On 2 December, the UK parliament voted in favour of military action in Syria by 397-223, despite the fact that Cameron lacked the support of his own Foreign Affairs Committee and less than half of the public. Which begs the question, with so much opposition, why did the strikes go ahead?
A recent report from the Media Reform Coalition may provide some answers. The report is titled ‘Who owns the UK media?’ and the results are startling. According to the findings,
Just two companies, Rupert Murdoch’s News Corp UK and Lord Rothermere’s Daily Mail Group, control nearly 60% of national newspaper circulation. If you include online and mobile readers, the situation isn’t that much better with five companies accounting for 80% of all consumption, online and offline.
As the report notes, having so much narrative power in the hands of so few:
…creates conditions in which wealthy individuals and organisations can amass huge political and economic power and distort the media landscape to suit their interests and personal views.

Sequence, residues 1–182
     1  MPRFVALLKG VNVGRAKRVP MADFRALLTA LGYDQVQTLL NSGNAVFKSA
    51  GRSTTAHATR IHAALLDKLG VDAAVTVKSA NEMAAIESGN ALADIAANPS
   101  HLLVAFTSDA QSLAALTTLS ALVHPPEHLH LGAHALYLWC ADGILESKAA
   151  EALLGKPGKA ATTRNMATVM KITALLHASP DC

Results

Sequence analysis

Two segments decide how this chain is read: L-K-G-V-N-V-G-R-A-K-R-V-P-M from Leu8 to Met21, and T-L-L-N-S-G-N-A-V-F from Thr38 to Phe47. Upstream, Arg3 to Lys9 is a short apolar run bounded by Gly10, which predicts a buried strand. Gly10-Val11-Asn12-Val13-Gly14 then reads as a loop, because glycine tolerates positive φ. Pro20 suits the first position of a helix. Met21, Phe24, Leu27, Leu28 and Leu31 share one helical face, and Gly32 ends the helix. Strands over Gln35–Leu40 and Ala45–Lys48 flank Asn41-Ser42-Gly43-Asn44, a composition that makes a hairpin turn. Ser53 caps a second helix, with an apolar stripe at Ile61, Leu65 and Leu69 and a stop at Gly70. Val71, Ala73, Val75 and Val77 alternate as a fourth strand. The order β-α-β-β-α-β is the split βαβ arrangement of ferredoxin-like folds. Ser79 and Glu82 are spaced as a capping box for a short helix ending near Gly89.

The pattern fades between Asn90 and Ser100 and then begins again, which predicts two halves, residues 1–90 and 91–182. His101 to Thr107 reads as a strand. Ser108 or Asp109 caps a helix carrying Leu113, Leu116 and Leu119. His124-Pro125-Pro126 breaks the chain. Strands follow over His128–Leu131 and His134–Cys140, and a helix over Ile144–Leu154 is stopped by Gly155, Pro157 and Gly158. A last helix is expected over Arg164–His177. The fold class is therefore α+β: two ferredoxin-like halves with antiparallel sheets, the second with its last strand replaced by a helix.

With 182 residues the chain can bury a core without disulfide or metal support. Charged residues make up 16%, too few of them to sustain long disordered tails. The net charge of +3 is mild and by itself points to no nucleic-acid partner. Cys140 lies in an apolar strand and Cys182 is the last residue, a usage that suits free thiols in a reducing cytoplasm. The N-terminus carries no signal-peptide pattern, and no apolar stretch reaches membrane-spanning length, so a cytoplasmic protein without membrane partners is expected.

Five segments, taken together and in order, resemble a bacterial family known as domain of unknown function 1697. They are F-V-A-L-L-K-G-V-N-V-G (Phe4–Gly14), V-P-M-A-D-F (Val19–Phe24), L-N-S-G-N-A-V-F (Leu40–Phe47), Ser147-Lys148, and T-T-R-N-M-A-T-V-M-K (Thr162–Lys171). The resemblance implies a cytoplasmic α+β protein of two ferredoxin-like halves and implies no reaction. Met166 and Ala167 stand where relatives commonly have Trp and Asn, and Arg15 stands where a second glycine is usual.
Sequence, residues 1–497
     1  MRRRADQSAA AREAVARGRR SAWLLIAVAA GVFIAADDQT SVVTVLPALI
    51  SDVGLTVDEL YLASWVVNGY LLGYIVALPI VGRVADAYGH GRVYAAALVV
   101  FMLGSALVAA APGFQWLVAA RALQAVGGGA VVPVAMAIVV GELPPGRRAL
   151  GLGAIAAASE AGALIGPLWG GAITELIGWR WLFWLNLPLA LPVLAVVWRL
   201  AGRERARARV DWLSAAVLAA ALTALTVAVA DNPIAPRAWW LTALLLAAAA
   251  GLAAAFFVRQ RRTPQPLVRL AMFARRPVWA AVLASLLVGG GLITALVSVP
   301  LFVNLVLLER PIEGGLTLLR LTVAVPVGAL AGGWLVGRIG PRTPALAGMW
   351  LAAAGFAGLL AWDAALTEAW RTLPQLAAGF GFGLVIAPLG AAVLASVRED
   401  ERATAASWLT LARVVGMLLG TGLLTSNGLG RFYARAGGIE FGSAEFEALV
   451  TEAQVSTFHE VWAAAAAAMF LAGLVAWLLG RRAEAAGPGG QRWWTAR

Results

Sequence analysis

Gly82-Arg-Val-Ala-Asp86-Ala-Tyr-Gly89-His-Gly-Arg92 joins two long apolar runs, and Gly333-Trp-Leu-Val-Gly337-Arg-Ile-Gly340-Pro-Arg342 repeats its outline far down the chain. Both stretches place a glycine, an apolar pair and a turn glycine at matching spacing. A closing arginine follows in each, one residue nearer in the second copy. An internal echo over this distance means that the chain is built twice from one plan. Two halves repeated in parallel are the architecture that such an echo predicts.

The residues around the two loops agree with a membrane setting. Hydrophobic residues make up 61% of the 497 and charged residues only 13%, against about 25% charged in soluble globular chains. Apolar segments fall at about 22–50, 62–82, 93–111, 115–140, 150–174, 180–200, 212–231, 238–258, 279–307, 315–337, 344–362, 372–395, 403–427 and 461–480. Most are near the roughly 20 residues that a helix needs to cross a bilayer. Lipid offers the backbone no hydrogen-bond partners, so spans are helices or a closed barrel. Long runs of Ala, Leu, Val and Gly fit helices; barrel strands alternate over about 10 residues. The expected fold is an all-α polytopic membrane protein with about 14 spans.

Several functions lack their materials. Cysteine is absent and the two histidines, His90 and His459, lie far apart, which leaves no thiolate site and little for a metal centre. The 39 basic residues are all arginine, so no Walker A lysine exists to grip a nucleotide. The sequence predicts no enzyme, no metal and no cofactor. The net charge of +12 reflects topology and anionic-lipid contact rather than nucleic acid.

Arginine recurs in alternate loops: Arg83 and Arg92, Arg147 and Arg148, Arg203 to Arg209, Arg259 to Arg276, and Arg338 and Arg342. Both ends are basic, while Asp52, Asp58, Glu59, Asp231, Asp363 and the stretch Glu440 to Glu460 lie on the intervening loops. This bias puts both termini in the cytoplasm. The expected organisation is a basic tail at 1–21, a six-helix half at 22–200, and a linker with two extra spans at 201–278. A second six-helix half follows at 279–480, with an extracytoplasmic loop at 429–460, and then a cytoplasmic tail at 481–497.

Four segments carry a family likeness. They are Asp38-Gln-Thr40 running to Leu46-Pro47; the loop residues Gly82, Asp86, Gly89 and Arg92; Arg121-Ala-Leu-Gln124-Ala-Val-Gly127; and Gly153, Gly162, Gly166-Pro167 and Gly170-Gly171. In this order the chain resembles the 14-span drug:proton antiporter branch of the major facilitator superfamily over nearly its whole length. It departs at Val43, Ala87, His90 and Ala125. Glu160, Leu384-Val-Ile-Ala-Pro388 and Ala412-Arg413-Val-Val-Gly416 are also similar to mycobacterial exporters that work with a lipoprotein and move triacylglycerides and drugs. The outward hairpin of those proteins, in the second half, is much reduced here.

Traditionally, the function of news is to inform the public, and hold the powerful to account. That is its merit, and is desperately needed now. As investigative journalist Nafeez Ahmed states:
In the aftermath of the Paris attacks, as governments push forward with new legislation on mass surveillance and anti-terror powers, as the drumbeat for more war in Syria intensifies, the need for journalism that operates in the public interest cannot be underestimated.
But in the lead-up to the Syria vote, did this concentrated UK press work in the public interest?
A drum, a drum, the war must come